Former Springboks coach Rassie Erasmus was undergoing chemotherapy treatment for a potentially life-threatening illness during his side's successful 2019 Rugby World Cup campaign in Japan.
In early 2019, Erasmus was diagnosed with microscopic polyangiitis with granulomatosis and underwent chemotherapy before and during the World Cup.
Erasmus' doctor Johan Theron told Afrikaans publication Rapport that the side effects made the coach weaker, but was essential as the disease was potentially fatal.
"He really doubted at one stage whether he would be able to push through with his position as Springbok coach," Theron said.
His chemotherapy doses were lowered so that he could give his full attention to the Springboks during the World Cup.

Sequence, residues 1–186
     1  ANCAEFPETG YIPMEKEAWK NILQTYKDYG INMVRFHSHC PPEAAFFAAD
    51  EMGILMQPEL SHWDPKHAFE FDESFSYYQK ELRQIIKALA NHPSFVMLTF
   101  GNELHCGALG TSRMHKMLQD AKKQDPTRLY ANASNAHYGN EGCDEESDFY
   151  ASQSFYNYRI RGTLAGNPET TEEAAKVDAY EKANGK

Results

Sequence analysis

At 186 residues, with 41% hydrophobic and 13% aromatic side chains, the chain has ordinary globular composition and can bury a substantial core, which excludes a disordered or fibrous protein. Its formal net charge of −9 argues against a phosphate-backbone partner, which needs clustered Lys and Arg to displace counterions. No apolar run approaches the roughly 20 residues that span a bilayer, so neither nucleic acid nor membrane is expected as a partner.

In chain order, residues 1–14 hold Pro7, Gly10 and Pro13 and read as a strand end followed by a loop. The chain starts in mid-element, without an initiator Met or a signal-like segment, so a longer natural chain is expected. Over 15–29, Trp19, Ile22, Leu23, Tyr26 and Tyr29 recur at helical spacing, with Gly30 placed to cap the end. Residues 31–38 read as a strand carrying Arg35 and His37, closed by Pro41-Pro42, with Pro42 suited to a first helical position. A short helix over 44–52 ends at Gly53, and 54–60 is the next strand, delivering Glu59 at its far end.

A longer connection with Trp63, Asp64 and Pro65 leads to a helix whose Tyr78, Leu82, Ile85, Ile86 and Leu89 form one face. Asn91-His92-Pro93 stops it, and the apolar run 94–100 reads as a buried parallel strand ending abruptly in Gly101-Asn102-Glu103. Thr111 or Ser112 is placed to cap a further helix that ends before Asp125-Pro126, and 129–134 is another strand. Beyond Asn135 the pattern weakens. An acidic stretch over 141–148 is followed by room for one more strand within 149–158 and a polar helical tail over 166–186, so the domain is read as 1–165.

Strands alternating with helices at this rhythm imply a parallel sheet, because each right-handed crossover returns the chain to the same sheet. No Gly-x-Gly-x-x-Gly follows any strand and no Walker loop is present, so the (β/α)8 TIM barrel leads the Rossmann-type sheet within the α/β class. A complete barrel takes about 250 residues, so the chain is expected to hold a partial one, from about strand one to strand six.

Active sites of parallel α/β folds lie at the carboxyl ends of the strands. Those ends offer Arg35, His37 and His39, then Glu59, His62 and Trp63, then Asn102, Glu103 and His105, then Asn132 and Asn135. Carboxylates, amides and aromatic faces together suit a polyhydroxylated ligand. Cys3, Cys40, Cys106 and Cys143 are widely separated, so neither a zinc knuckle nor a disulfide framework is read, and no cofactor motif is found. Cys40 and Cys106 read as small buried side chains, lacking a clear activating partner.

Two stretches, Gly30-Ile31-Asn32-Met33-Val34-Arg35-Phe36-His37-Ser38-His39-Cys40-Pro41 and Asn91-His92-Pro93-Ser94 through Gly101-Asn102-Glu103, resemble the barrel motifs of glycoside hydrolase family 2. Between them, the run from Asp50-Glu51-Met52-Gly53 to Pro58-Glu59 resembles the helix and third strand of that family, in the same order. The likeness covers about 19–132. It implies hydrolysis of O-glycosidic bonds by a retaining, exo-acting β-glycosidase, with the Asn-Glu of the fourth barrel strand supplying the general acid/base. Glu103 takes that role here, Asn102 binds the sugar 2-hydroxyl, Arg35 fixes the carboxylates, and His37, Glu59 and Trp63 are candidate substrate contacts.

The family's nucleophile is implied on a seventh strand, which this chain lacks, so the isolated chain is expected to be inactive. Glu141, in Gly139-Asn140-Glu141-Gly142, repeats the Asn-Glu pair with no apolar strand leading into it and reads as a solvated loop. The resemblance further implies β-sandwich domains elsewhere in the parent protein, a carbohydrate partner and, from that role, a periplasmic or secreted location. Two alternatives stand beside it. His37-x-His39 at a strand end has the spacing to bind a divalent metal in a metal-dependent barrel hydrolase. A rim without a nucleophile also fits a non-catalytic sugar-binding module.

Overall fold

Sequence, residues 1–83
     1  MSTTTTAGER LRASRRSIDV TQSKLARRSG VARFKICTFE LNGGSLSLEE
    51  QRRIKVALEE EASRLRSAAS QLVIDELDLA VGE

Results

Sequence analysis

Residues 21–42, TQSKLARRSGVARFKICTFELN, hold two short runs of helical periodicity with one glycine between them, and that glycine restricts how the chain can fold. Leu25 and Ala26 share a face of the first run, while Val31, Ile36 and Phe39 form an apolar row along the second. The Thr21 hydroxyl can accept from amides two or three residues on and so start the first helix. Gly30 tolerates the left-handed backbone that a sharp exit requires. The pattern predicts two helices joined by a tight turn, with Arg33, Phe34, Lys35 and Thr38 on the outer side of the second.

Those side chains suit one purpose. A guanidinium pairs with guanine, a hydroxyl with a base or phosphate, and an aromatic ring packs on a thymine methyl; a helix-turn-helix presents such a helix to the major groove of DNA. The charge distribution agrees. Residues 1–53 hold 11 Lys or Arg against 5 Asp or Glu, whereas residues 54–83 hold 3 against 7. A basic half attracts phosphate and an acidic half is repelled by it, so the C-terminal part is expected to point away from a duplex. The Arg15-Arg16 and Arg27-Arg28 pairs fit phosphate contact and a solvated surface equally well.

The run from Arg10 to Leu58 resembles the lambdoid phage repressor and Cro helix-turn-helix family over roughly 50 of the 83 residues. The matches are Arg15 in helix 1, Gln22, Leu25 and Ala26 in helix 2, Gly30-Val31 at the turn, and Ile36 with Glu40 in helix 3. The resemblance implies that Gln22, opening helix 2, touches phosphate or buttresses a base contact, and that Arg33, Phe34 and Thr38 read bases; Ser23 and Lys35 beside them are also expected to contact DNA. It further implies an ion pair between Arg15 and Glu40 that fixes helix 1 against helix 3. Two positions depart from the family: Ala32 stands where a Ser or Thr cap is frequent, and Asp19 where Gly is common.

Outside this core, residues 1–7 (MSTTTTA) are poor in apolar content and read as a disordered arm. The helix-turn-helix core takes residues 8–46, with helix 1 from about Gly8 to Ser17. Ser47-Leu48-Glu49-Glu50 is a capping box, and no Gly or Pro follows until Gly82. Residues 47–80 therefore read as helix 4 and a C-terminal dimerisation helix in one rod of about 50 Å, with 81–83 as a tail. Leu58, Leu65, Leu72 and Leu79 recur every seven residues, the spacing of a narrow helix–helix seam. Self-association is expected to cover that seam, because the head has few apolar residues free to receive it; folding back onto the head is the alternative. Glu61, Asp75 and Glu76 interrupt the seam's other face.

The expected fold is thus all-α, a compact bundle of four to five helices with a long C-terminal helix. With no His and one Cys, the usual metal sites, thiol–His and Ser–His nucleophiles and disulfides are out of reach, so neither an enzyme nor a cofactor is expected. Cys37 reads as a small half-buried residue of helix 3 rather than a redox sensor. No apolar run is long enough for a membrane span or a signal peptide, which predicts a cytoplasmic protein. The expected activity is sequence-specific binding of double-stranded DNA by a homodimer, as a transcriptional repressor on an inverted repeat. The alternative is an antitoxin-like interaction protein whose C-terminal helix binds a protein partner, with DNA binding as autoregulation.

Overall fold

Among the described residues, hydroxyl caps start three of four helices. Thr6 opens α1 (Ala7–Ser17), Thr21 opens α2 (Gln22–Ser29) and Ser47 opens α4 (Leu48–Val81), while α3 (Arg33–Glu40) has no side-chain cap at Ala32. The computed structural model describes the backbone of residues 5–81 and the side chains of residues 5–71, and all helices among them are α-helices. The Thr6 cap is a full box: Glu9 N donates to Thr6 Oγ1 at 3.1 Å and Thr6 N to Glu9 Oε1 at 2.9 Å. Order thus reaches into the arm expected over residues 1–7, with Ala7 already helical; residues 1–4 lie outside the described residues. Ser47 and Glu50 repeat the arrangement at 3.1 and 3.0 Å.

Dr Theron added that Erasmus decided to keep his illness and treatment out of the public domain as he didn’t want the news to serve as a distraction.
The Springboks beat England 32-12 in the final to win their third World Cup title in what was Erasmus' last game as coach.
He stood down and moved into his role as director of rugby on a full-time basis, handing the coaching reins to Jacques Nienaber.
South Africa Rugby confirmed that Erasmus finished treatment in March this year and that his family are following strict precautionary measures to avoid being exposed to COVID-19.
"He thanks people for their concern but wishes to keep the matter private," SA Rugby added.